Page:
1. Is a criminal conviction for murder or manslaughter needed?
        1. No.  When a parent participated in acts that resulted in the death of a child and the parent is convicted of a crime other than murder or manslaughter, the trial court must look behind the bare fact of the conviction to the actual facts and circumstances that gave rise to the initial criminal prosecution.  (In re Jessica F. (1991) 229 Cal.App.3d 769, 778.)
    7. No provision for support (abandonment) (Welf. & Inst. Code, § 300, subd. (g)).
      1. Must the circumstances of dependency under this subdivision exist at the time of the filing of the petition or at the time of the hearing?
        1. The circumstances must appear at the time of the hearing and not merely in the past.  (In re Aaron S. (1991) 228 Cal. App.3d 202, 208.)
      2. The fact that the child is left with caretakers other than the parents, is not itself a reason to sustain a jurisdictional finding if the child receives good care.  (See In re T. M. R. (1974) 41 Cal.App.3d 694, 700-701 [construing the issue in the context of subdivision (b)].)

      3. Is a parent's incarceration standing alone grounds for jurisdiction?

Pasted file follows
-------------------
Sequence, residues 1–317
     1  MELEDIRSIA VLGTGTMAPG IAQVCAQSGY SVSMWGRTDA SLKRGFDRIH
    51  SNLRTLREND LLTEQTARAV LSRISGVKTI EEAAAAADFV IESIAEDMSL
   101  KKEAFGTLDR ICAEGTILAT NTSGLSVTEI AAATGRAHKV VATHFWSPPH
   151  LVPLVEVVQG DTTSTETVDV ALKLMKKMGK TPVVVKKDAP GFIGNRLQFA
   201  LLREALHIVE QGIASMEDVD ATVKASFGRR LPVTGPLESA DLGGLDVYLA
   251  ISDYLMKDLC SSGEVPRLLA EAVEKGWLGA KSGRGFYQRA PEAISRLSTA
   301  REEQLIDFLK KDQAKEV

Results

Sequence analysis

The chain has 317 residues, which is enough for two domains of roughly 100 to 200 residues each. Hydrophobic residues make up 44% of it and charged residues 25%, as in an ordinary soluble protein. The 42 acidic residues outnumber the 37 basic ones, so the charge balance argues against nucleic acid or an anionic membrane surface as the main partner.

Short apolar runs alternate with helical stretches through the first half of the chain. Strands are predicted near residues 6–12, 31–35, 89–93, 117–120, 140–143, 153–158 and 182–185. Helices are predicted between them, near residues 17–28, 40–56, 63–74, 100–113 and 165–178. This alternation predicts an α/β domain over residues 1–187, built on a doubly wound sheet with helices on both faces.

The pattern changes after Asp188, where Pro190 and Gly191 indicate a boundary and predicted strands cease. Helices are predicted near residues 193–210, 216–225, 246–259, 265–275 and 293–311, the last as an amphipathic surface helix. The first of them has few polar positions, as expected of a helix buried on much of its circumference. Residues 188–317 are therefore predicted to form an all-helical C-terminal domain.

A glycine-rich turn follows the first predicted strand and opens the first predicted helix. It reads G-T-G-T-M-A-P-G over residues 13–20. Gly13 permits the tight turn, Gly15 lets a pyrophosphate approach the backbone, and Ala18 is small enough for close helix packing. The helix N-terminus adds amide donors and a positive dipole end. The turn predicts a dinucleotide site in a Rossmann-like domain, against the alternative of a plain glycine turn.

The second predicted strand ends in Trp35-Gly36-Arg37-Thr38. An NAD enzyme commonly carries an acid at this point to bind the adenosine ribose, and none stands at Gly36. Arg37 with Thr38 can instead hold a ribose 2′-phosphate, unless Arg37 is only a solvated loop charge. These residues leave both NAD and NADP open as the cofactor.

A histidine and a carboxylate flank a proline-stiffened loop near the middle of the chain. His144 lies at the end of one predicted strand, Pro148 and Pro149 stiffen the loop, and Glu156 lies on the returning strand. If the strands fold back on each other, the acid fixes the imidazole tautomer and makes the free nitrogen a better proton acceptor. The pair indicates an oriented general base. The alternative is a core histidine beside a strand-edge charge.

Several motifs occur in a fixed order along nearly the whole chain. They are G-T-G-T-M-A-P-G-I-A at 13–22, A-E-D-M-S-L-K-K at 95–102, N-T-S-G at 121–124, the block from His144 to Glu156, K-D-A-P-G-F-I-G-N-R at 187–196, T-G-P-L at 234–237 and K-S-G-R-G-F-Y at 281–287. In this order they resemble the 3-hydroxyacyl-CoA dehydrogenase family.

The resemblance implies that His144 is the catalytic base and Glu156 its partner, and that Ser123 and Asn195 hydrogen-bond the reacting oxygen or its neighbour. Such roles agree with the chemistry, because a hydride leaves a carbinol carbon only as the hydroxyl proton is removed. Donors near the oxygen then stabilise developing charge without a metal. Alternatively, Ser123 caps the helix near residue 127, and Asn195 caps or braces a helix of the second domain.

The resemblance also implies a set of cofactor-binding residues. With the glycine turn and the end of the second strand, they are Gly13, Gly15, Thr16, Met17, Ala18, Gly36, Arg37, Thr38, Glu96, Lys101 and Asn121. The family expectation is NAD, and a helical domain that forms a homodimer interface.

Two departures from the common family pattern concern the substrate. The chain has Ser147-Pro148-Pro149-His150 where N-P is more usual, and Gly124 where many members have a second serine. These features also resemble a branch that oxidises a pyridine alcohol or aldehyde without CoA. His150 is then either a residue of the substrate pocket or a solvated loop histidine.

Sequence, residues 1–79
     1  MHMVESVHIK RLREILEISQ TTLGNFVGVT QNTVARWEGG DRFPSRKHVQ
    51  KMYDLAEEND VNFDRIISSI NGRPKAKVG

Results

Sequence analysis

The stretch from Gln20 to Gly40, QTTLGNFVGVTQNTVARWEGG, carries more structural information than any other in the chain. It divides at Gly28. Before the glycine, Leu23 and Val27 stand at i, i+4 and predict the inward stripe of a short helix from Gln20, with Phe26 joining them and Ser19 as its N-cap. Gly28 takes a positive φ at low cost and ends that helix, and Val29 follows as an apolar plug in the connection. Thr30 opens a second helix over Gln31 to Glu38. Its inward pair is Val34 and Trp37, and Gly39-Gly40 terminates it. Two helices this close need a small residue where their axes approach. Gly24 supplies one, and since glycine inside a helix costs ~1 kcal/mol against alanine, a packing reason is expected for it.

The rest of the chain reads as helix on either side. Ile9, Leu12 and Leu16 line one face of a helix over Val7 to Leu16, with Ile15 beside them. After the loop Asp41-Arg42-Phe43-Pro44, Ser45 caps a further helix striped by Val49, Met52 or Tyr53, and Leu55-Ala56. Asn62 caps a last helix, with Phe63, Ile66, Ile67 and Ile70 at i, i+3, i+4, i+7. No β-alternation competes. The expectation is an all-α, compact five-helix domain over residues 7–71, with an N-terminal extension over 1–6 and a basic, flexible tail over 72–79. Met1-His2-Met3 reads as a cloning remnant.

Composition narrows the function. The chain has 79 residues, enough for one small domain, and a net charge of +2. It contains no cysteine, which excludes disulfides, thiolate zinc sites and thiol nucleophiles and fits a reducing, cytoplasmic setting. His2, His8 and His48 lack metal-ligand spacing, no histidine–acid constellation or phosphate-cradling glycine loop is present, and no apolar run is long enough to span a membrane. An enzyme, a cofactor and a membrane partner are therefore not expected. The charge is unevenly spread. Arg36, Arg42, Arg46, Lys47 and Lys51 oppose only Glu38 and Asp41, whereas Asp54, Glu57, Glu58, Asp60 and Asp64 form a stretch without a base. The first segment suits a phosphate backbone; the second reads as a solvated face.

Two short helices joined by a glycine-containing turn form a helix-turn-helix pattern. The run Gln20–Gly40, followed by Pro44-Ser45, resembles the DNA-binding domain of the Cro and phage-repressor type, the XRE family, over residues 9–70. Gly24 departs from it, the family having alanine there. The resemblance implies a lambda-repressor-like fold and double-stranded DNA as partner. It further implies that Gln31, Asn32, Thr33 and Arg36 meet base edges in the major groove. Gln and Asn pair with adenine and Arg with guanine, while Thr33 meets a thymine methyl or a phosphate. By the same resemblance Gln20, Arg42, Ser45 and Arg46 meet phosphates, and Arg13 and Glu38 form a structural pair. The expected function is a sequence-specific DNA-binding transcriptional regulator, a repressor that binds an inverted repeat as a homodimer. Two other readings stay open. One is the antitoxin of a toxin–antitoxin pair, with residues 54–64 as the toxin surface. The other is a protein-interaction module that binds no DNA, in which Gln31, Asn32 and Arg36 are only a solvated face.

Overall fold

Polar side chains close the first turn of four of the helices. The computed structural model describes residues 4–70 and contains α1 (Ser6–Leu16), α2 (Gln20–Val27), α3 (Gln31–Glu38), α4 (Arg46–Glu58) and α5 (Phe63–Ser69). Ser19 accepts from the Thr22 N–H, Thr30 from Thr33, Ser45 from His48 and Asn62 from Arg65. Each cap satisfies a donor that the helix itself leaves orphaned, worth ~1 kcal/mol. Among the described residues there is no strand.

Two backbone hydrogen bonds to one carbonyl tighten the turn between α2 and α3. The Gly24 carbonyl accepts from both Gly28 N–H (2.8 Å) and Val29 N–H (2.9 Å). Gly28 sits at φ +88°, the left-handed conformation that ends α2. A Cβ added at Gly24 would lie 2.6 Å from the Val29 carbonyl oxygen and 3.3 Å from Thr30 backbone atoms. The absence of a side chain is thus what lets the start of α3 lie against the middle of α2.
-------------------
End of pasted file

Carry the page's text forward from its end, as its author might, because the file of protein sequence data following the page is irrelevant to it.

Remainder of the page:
1. No, as long as the parent has provided for the care of the child.  This subdivision applies only when at the time of the hearing, a parent has been incarcerated and does not know how to make, or is physically or mentally incapable of making, preparations or plans for the care the child.  (In re Aaron S. (1991) 228 Cal.App.3d 202, 208.)
    8. Relinquishment (Welf. & Inst. Code, § 300, subd. (h)): "The child has been freed for adoption by one or both parents for 12 months by either relinquishment or termination of parental rights or an adoption petition has not been granted."

      1. When is this subdivision used?
        1. It is intended to address situations in which a legal orphan (i.e., a child whose parents have had their parental rights terminated but no adoptive placement for the child has been found) has been removed from a prospective adoptive placement.
    9. Cruelty (Welf. & Inst. Code, § 300, subd. (i)): child is subject to act or acts of cruelty and if parent was not the perpetrator, the parent knew or reasonably should have known.
      1. What is the difference between subdivision (i) and subdivisions (a) and (e)?